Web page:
Berkeley student, Cynthia Moreno published an entry to her MySpace page entitled “An Ode to Coalinga” (the “Ode”). She opened the Ode with “the older I get, the more I realize how much I despise Coalinga,” and then proceeded to detail a barrage of negative commentary about the city and its residents. Six days later, she removed the Ode, however, before she had deleted it, the principal of her former high school had already been to her page, copied her Ode and fired it off via email to his female friend who happened to be the editor at the local newspaper. Cynthia hadn’t used her surname on her page, however the principal, Roger Campbell, had thoughtfully included it for his friend in the newsroom.
The editor then published the Ode as a “Letter to the Editor,” attaching Cynthia’s full name. Long story short, the community of Coalinga experienced a rather violent reaction to the Ode. The Moreno family received death threats, shots were fired upon their home, and ultimately, Mr. Moreno was forced to close the family business. Such a concerted effort put forth by the city’s inhabitants in an attempt to exact retribution upon the family makes it clear to me that the Ode probably wasn’t very far off the mark in portraying the community in a negative light.
Ms. Moreno filed a complaint against Mr. Campbell, the newspaper, and the publisher for invasion of privacy and intentional infliction of emotional distress, however, the publisher managed to convince the Superior Court to dismiss the complaint based on an anti-SLAPP defense pursuant to Code of Civil Procedure § 425.16. Ms. Moreno did not follow up on an appeal from the judgment. However, the case against Mr. Campbell and the Hanford Sentinel proceeded.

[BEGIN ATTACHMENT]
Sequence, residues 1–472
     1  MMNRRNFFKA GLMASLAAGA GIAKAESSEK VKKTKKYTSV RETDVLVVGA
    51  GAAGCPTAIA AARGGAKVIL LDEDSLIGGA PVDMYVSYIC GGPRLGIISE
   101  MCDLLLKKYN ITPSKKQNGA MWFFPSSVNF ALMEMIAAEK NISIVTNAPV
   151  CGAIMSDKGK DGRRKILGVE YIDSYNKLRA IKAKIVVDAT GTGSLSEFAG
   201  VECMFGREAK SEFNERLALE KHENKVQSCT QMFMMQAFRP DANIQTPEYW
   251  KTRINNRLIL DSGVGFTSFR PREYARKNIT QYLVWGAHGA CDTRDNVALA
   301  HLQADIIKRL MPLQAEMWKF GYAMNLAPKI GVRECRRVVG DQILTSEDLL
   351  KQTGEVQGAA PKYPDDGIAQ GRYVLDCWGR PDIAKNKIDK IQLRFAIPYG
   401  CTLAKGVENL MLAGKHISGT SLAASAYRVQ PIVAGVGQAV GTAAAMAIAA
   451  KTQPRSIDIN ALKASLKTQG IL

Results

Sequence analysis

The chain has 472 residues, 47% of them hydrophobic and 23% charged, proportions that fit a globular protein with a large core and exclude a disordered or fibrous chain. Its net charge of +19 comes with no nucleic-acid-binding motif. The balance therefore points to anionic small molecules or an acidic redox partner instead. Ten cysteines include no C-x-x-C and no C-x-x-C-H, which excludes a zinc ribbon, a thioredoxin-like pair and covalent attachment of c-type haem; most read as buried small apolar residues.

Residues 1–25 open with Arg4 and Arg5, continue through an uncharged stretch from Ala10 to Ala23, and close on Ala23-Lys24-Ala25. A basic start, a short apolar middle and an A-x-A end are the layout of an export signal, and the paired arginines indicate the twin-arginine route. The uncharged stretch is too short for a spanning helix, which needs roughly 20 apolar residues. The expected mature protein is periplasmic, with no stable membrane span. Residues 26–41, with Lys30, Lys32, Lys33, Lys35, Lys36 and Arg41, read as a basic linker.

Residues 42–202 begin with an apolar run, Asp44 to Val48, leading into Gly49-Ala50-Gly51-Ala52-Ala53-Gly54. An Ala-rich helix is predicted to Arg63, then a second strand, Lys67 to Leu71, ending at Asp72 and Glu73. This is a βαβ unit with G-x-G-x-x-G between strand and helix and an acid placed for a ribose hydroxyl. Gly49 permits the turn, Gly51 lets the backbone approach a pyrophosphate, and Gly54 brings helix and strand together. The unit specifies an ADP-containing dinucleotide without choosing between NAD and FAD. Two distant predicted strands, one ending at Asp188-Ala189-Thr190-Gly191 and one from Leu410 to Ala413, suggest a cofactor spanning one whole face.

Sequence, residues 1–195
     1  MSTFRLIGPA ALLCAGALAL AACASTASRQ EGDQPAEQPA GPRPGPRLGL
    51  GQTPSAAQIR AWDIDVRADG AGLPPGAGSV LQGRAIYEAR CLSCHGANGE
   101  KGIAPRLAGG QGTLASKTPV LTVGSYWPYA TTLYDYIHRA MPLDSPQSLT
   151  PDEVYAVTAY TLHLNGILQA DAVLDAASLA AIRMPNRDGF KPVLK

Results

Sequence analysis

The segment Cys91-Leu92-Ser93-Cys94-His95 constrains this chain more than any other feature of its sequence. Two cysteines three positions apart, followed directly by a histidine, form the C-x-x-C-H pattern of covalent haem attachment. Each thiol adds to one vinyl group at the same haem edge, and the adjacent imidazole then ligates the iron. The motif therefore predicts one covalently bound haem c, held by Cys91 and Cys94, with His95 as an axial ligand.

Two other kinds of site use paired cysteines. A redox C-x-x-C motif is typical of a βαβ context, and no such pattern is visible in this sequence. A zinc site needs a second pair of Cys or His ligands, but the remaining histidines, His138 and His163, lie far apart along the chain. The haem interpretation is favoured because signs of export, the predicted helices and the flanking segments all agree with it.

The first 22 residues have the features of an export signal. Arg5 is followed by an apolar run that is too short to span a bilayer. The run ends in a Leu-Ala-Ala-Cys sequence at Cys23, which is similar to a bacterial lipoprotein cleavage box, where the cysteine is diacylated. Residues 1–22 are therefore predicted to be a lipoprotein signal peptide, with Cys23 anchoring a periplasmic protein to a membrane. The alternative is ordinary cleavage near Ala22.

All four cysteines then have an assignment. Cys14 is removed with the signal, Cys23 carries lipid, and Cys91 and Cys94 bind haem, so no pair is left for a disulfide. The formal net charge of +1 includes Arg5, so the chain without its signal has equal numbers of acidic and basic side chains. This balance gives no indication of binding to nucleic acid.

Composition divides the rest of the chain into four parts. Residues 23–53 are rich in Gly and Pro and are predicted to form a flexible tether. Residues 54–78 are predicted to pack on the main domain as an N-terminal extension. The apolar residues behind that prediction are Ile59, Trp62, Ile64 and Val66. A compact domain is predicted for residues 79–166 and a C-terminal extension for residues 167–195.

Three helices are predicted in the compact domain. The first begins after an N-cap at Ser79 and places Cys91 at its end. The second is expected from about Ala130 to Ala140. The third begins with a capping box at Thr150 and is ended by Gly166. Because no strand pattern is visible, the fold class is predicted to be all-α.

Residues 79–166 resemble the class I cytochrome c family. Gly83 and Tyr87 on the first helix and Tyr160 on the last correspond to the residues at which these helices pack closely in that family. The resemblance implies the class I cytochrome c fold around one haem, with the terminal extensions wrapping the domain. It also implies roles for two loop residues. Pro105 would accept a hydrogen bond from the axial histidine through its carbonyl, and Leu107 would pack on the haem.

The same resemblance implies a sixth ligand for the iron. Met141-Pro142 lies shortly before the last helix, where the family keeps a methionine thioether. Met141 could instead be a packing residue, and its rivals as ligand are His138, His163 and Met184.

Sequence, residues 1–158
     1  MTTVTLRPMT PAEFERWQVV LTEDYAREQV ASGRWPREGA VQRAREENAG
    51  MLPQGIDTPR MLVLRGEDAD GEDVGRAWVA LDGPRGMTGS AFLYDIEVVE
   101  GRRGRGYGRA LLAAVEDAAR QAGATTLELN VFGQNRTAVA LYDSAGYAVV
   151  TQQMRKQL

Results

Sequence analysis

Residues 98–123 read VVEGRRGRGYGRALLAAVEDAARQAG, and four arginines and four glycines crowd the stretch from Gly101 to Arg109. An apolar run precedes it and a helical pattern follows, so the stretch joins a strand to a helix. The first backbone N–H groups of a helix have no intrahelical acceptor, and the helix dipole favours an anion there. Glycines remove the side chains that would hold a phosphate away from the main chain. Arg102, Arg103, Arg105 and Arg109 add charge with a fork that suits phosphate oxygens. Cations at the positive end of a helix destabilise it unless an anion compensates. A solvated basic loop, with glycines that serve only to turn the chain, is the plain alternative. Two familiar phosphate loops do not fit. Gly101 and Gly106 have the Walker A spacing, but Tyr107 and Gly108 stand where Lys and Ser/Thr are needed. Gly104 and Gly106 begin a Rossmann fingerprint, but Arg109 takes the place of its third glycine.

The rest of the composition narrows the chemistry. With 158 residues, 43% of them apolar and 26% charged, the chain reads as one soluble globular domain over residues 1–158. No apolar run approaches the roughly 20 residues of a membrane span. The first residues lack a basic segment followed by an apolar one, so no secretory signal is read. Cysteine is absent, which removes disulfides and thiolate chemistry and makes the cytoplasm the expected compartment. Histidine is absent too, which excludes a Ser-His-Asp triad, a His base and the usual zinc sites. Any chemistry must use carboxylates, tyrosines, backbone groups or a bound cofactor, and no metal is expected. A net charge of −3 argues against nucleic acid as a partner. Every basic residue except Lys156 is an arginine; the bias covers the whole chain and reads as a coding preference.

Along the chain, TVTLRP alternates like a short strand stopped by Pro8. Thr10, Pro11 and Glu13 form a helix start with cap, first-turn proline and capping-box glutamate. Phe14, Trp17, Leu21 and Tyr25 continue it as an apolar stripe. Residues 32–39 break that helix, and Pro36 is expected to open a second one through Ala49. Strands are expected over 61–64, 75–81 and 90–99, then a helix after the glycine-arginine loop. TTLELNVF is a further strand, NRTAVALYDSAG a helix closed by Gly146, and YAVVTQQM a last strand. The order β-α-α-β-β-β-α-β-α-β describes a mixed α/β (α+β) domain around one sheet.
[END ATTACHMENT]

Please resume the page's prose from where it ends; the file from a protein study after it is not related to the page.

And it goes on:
Section 1708.7 of the California Civil Code makes a person liable for the civil crime of stalking. Also referred to as a tort.
Section 646.9 of the Penal Code makes stalking a criminal offense.
And Section 422 of the same Penal Code makes stalking via electronic communications device, also known as “cyberstalking” a criminal offense.
Perhaps such behavior as exhibited by Mr. Campbell is more consistent with invasion of privacy, instead. After all, merely checking up on the details that someone else voluntarily uploaded to a popular Internet website is hardly criminal or criminal-like behavior. But is it really considered stalking or an invasion of privacy if a person willingly discloses on the Internet the particulars of his or her personal life and thoughts?
All of the above referenced statutes go to great lengths to codify exactly what constitutes the official offense of stalking as defined by the State Legislature, but anyone who has ever followed anyone else on a social networking website such as MySpace is guilty of committing a kind of stalking and privacy invasion on a regular basis. A very benign flavor, but stalking or invasion of privacy, nonetheless. What else would you call the act of “following” someone’s activities on the web?
The California Court of Appeal in the Moreno MySpace case didn’t buy that line of argument either. But that doesn’t make the verdict justifiable, in my opinion. If Justice is indeed blind, then she is also deaf and mute as well.